- Stay focussed and calm, especially with younger players. Do not let their excitement put pressure on their team mates
There are several ways that this drill can be developed:
- One touch passing
- Reducing teams from three on each side to two
- Passing with the outside of the foot
Break and Pass
This more advanced drill encourages player to use the sole of their foot to control a pass dead, taking advantage of the perfect playing surface. It is played across the width of the pitch and involves four players. Two are feeders, two are movers. The feeder plays the ball into their team mate, who controls the ball with their sole, turns sharply and dribbles into the middle zone. Here they must break to one side or the other, as though beating an opponent, before rolling the ball on with the sole once more.
They then pass to the opposite feeder and receive a return pass before repeating the exercise. Roles are changed every two minutes.
- Mover receiving foot raised and angled to trap ball; arms out for balance, hips dropped for low centre of balance
- Dip the shoulder to turn, either way
- Knock the ball a short distance using the outside of the foot
- Use the hips and shoulders to throw dummies and change the direction of movement
- Pass with the instep
- Outside of the foot passing
- Sole of the foot passing (rolling the ball firmly)
- Introduce limited opposition in the middle zone. Too much opposition and the drill will break down
Mixed Bag Passing
This fast-paced drill can be developed into a rondo activity with the addition of a single defender once players become competent. It aims to develop quick thinking, competence passing with the inside, outside and sole of the foot, and communication skills.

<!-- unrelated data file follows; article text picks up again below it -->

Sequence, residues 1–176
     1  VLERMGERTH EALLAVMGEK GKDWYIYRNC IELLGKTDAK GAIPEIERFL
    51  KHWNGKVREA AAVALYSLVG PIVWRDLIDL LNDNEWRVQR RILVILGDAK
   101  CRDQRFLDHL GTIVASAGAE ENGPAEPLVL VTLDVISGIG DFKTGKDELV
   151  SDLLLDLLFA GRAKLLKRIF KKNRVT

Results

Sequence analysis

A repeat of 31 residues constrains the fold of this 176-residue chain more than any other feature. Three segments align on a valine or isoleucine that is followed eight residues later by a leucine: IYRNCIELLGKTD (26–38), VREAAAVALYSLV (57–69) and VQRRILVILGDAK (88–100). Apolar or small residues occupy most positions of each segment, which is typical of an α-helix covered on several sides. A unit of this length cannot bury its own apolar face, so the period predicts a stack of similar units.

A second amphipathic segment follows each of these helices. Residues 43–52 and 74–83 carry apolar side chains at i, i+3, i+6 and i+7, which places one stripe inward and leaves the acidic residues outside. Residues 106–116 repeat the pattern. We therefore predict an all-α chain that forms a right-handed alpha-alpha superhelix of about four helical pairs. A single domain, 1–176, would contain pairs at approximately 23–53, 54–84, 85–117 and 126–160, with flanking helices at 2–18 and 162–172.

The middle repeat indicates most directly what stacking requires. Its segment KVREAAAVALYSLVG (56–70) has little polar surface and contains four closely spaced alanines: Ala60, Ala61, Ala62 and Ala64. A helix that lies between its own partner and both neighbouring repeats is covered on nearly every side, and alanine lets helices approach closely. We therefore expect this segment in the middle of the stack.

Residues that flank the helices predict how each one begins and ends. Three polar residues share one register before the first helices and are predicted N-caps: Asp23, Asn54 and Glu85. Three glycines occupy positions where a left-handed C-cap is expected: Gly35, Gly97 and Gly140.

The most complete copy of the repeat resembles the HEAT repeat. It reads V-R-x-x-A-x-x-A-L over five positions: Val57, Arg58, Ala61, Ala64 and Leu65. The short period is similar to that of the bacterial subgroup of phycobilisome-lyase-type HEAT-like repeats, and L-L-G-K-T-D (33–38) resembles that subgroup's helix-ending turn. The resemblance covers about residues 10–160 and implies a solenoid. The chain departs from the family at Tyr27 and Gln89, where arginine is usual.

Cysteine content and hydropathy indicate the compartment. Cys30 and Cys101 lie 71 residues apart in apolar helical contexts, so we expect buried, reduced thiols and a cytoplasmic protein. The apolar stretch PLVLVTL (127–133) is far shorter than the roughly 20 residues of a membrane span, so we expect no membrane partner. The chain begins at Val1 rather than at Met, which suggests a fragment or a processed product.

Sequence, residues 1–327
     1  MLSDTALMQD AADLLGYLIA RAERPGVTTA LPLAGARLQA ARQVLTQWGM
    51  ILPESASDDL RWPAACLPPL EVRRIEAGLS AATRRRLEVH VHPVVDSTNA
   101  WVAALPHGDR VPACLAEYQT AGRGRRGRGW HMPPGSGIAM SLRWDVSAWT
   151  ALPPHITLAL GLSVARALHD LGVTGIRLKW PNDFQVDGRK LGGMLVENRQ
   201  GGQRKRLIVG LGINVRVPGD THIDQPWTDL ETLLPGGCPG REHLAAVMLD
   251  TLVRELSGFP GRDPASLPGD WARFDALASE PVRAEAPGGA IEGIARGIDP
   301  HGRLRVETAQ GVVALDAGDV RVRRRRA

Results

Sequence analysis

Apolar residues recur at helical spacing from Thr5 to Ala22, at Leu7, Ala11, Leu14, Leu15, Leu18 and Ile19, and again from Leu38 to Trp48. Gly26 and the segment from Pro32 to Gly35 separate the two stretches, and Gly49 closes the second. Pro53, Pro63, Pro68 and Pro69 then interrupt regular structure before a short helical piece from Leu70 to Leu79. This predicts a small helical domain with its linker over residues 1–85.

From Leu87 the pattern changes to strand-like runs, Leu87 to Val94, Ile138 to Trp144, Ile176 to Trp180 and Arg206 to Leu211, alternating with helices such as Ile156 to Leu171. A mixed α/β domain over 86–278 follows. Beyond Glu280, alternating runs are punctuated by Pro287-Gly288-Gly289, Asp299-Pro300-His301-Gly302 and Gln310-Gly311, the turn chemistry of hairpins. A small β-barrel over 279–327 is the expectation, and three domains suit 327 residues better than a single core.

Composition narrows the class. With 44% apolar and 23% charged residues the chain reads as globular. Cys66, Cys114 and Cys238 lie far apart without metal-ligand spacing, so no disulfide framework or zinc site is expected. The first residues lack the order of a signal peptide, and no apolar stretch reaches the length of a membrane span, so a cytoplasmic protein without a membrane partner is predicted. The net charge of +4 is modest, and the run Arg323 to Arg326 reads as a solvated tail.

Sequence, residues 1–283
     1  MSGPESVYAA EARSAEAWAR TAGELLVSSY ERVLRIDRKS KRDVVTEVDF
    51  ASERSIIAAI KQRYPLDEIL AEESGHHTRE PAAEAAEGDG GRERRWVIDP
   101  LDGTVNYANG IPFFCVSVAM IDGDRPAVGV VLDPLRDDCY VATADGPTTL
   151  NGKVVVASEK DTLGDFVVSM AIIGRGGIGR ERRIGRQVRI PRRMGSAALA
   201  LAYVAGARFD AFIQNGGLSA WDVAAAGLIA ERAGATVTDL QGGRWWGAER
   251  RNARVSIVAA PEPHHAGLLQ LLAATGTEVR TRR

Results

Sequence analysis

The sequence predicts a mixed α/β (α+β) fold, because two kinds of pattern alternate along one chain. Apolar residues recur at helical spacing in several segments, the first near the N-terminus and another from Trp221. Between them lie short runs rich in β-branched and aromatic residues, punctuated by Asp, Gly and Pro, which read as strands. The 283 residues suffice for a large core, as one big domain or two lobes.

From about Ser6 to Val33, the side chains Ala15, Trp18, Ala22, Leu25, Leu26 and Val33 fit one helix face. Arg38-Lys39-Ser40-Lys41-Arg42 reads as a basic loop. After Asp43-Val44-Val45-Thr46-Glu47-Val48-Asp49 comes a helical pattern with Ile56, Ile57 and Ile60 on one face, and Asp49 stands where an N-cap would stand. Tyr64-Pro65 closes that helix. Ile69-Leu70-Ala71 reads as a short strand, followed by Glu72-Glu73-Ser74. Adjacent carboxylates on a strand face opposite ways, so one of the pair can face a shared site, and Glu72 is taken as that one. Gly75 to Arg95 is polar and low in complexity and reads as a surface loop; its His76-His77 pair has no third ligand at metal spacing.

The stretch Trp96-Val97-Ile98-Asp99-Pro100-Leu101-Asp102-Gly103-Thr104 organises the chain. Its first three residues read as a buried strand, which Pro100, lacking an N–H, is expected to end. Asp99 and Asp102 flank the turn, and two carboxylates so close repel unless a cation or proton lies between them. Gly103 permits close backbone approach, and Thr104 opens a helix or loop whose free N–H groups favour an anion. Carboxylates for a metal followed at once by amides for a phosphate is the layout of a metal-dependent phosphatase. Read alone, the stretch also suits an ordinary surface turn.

Using one touch passing, call the name of the player to whom the pass is made. Receiving player must control the ball using a different part of the foot to the way it was played. For example, if the pass is made with the sole, it must be controlled with the inside or outside of the foot, not the sole.
- Communicate clearly and early
- Pass accurately and sympathetically, because the receiver is calculating how to receive the pass
- First touch prepares the next pass to be made
- Add a defensive player to turn drill into a rondo
- Add passing restrictions, for example:
- Cannot pass with the same part of the foot as previous player
- First time passing
- Only pass to the left
Rondo Passing Game
This is a good development drill which encourages accurate passing and team work. Play four v three (two and a keeper) across the whole pitch. The five have three minutes to score as many goals as they can. Three points for a goal, two for a shot on target, one for a shot, to add to the competitive element.
Defenders allowed only in their own half, so there is always a get out ball for the side in possession. Limit the number of touches, two is perfect, but more with weaker or younger players. When possession is lost, the attacking side must win it back as quickly as possible.
Set a shooting line outside which shots are not permitted.
- Encourage movement to find space
- Encourage different passing styles
- Insist on communication
- Encourage the defense not to drop too deep, rather to pressure the ball
- Add an additional defender
- Reduce permitted touches
There are some handy ideas online as well, for example clicking on this link –
leads to some visuals of straightforward futsal passing drills.